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Executives are more determined than ever to make their elephant organizations dance. With increasing frequency in companies around the world, they speak of the need for "agility" and "innovation."
Even companies with a solid history of developing new products feel under pressure to show they're capable of innovating at a rapid pace. Take Procter & Gamble, which in a recent statement following its soft financial results talked about "increasing our agility, improving cost efficiencies, improving our speed to market, and relentlessly focusing on innovation in every part of our business." Perhaps this widespread urgency can be chalked up to the recent demises of Kodak, Borders, and other companies.
But applying the latest management technique is a bit like going on a fad diet. It may yield short-term improvements, but it likely won't deliver a sustainable advantage. Let's focus here on more substantive approaches and map out how IT management should respond to business needs to increase agility and innovation.
Let's start with agility. The latest agility fad is the "standing meeting," said to be a surefire way to accelerate decision-making. This approach is derived from agile software development, with its incremental delivery streams, frequent, even daily, turnarounds, and tight feedback loops. Rather than make the leap to apply agile project practices to how the business is run, instead use agile judiciously. From my experience, agile methods are best utilized when:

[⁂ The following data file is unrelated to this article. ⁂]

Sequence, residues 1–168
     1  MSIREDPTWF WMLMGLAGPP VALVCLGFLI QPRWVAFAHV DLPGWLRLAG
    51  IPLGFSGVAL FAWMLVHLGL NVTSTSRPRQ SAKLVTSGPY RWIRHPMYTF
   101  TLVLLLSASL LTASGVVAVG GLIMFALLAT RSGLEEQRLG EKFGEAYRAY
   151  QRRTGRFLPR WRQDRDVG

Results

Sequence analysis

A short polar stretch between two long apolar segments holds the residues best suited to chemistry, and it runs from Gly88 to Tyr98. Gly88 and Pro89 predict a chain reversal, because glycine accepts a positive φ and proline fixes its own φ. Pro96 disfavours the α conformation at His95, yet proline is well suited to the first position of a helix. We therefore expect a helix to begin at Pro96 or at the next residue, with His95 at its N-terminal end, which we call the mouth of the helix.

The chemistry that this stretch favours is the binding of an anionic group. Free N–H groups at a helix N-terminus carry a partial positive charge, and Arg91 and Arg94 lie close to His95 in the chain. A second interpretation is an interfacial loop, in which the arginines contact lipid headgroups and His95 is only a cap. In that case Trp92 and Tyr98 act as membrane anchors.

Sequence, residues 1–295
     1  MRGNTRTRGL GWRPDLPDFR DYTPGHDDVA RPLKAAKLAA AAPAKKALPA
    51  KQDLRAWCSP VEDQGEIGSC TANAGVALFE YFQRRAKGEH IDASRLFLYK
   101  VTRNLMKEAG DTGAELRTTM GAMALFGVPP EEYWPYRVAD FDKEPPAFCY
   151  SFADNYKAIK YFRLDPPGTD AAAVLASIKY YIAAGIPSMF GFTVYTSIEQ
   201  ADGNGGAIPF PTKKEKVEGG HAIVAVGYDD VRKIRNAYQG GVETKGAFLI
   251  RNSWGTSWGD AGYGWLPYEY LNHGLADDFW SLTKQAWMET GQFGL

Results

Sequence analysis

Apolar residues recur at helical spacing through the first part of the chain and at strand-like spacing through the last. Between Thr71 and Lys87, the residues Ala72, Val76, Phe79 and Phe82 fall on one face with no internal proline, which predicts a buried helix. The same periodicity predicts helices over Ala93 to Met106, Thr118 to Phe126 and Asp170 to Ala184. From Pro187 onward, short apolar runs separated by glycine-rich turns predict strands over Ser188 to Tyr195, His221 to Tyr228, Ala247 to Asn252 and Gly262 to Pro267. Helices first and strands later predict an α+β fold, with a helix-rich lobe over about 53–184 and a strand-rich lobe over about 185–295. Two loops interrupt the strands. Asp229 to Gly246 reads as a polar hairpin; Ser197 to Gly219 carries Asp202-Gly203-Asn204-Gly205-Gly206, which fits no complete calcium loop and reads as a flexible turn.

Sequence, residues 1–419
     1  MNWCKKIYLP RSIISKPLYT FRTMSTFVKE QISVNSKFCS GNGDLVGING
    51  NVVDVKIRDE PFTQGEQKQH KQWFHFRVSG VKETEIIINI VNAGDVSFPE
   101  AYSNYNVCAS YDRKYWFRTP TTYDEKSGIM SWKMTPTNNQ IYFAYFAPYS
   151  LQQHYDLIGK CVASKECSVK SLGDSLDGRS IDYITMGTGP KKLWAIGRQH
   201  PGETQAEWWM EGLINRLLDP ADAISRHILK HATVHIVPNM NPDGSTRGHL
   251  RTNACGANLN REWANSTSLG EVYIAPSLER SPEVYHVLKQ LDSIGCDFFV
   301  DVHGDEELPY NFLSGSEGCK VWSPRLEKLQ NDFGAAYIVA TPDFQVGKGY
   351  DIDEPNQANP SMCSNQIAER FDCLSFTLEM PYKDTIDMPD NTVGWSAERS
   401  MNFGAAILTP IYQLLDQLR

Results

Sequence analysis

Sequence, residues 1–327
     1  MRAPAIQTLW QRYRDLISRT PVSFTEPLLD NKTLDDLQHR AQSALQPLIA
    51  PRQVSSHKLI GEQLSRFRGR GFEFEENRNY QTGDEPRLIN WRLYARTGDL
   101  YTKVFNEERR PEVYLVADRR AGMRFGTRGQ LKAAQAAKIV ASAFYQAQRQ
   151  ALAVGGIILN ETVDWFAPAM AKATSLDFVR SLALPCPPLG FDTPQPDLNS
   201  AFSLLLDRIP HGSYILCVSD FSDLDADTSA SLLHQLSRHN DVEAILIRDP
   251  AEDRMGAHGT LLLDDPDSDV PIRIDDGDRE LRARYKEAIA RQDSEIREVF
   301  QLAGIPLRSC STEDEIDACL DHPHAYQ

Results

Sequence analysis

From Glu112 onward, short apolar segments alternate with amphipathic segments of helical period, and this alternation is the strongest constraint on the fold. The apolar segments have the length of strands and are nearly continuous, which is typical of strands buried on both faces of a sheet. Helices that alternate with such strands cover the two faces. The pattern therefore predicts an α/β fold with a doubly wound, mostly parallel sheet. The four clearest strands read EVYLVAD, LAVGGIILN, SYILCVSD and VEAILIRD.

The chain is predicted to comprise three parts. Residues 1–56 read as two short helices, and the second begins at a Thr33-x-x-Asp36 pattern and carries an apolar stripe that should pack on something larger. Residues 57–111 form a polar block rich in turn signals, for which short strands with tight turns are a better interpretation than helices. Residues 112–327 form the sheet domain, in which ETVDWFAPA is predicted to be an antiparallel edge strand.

-- requirements, particularly user interfaces, aren't well defined or likely to be fluid.
-- a rapid turnaround or incremental delivery provide a significant market advantage.
-- the business process will be changed and improved in tandem with the system development.
A good rule of thumb for the typical IT shop is to leverage agile development for at least half of your small to midsize software projects and at least a quarter of your large projects. But remember: Agile is a build methodology, not a run methodology. Apply a mix of lean and capability maturity model (CMM) approaches to your run functions. Treat these run activities as the factory that they are (or should be). Successful run approaches emphasize process definition, metrics, robust execution, a high degree of analysis, and incremental process improvements.